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Tort Reform Is Key to Health Reform

Though common-sense Americans have repeatedly raised the issue of tort reform while discussing health care legislation with members of Congress during town hall meetings this month, too many lawmakers and analysts still stubbornly insist that medical liability lawsuits do not contribute significantly to rising health care costs. These lawmakers and analysts are wrong.

A 2006 Harvard School of Public Health study found that four out of every 10 medical malpractice lawsuits filed in America each year were “without merit.” Nonetheless, defending against such lawsuits imposes costs on doctors, hospitals and insurers that invariably are passed on to health care consumers.

Beyond the obvious costs of litigation, more subtle costs related to the practice of “defensive medicine” are contributing to runaway health care inflation.

How much? In a Massachusetts Medical Society survey published last November, 83% of Bay State physicians cited the fear of being sued in their decisions to practice defensive medicine.

According to the 900 doctors anonymously surveyed, on average, 18% to 28% of tests, procedures, referrals and consultations and 13% of hospitalizations were ordered to avoid lawsuits. All of this adds at least $1.4 billion to annual health care costs in Massachusetts alone, and national estimates range as high as $200 billion.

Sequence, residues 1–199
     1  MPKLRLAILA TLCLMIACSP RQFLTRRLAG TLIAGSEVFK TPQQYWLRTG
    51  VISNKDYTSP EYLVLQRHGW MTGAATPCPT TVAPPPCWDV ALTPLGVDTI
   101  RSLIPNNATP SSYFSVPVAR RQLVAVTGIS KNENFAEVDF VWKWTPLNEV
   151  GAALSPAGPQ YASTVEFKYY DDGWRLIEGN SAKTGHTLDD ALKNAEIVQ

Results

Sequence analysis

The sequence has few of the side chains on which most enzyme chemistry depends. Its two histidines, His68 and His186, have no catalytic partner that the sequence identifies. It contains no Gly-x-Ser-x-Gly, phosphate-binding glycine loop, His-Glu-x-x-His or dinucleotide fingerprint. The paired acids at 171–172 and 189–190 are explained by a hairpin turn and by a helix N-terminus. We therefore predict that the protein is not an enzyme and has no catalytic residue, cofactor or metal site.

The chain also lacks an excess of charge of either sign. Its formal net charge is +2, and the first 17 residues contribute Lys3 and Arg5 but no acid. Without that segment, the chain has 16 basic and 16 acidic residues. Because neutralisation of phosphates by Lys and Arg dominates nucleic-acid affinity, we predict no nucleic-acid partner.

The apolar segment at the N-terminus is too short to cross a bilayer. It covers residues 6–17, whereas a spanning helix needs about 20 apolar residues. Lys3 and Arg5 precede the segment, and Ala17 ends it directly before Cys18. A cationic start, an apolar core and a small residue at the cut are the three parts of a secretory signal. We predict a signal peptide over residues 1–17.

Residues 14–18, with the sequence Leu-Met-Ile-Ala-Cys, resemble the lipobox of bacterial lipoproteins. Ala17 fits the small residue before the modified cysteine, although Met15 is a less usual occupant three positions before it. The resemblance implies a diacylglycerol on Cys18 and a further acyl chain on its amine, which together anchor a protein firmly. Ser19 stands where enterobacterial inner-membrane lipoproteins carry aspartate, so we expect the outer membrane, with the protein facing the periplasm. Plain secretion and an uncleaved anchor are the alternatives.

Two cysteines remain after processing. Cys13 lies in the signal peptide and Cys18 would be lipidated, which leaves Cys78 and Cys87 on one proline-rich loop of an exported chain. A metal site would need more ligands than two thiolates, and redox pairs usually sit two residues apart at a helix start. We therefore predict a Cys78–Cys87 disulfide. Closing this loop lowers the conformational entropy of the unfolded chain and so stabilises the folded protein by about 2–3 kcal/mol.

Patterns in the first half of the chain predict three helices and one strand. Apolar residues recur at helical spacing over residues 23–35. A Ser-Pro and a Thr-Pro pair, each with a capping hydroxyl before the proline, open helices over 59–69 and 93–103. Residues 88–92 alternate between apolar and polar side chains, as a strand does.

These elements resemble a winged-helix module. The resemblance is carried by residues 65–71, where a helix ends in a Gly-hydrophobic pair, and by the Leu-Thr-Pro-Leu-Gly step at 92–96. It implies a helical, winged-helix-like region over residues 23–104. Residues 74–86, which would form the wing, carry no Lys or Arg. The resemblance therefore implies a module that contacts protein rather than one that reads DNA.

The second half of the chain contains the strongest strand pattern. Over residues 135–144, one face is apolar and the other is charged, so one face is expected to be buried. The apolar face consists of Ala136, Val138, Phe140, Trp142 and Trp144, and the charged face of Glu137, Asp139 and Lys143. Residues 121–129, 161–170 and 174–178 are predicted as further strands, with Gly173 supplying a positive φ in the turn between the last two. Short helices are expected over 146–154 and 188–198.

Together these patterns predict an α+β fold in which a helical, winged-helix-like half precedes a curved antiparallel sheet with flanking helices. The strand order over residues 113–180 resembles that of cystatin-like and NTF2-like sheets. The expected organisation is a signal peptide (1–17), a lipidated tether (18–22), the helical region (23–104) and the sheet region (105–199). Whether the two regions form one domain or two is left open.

So, as Mississippi Gov. Haley Barbour asks, “If we are trying to make health care more affordable, how can we leave out tort reform?”

Another longer-term concern about leaving tort reform out of comprehensive health care legislation revolves around what is and will remain a growing need for more primary care physicians.

President Obama’s stated desire to emphasize preventive medicine as a means to lower overall health care costs will, with a growing and aging population, require a greater number of doctors. Yet the Association of American Medical Colleges predicts that the overall shortage of doctors practicing both primary care and high-risk specialties may grow to nearly 125,000 by 2025.

Surely medical schools will find it easier to persuade bright young men and women to pursue careers in medicine if the costly threat of medical liability lawsuits is reined in. The experience of states that have enacted tort reforms bears this out.